This week we looked at sketching, it is one of the fundamental things any designer should do and constantly doing them can and will improve your workflow and overall quality of work. This is one of the reasons why we should do sketches as part of our workflow.
Sketching is has many reasons why it is a good idea.
- Great for communicating ideas
- Visually interesting
- It enables better collaboration
- Can help build up your drawing skills
- It can be quick and easy to draw simple layouts
We were given a sketching task as a warmup exercise. We where given 6 icons to draw which where a camera, house, magnifying glass, speech bubble, a lock, and a heart. We would do 3 sets, all done in different times. First, we were given 20 seconds, then 10, then 5. This little task showed me how quick and easy sketching can be, even with 5 seconds per image they can still be legible to know what they are.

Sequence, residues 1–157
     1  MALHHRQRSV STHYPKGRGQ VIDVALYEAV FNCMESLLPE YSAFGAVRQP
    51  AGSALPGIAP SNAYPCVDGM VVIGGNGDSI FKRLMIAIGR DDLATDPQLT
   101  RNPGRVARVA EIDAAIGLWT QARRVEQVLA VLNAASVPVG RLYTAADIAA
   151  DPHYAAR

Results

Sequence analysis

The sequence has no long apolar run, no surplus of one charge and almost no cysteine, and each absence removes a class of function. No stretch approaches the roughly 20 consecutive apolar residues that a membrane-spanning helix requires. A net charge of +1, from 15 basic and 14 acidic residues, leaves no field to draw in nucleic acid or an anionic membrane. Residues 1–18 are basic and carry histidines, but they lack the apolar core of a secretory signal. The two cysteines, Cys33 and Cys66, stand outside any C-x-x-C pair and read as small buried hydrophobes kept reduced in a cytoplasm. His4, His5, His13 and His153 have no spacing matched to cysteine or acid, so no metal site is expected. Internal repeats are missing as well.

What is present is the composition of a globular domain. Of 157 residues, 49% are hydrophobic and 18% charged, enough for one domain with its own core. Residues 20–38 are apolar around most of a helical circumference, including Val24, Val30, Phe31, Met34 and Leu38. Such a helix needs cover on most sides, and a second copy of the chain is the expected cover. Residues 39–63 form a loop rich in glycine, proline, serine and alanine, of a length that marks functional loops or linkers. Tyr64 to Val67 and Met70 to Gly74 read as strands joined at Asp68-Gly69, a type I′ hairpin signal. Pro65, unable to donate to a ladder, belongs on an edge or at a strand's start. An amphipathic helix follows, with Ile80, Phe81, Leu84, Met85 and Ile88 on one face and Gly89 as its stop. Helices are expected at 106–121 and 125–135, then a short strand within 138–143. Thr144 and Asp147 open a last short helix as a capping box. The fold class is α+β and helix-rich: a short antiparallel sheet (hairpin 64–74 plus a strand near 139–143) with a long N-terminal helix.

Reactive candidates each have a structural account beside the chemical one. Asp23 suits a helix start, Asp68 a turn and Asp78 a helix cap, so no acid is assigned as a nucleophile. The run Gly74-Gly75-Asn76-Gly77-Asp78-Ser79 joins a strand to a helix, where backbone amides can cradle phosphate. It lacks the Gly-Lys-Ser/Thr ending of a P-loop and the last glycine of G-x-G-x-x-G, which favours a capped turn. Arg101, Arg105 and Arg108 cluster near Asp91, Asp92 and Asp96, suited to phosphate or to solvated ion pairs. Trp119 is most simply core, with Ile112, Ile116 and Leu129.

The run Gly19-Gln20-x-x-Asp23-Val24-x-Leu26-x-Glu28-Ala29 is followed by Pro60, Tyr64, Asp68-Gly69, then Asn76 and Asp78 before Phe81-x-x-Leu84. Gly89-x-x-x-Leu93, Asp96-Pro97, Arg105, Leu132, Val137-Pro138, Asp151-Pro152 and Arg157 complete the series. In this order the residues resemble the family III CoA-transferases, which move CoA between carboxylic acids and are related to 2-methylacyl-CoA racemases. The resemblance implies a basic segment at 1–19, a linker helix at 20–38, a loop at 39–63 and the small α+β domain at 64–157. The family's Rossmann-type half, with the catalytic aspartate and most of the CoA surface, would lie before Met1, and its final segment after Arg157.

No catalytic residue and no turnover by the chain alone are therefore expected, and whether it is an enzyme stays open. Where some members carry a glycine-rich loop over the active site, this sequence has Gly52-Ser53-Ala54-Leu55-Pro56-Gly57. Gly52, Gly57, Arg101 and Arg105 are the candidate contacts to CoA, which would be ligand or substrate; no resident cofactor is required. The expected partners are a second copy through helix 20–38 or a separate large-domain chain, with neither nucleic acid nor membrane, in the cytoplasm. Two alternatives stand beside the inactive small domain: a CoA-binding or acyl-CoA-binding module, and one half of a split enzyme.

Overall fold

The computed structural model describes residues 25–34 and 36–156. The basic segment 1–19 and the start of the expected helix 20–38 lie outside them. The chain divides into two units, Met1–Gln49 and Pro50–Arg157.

Next we were then given the task to practice sketching wireframes. Firstly we would do the Instagram profile page, then smartwatch screens, and lastly the Instagram layout on a desktop.
This week, we looked into another UX law, which was Millar’s Law. Miller’s Law states that the number of objects an average person can hold in working memory is about seven, also known as The Magical Number Seven, Plus or Minus Two. In 1956, George Miller asserted that the span of immediate memory and absolute judgment were both limited to around 7 pieces of information. The main unit of information is the bit, the amount of data necessary to make a choice between two equally likely alternatives. Likewise, 4 bits of information is a decision between 16 binary alternatives (4 successive binary decisions). The point where confusion creates an incorrect judgment is the channel capacity. In other words, the quantity of bits which can be transmitted reliably through a channel, within a certain amount of time.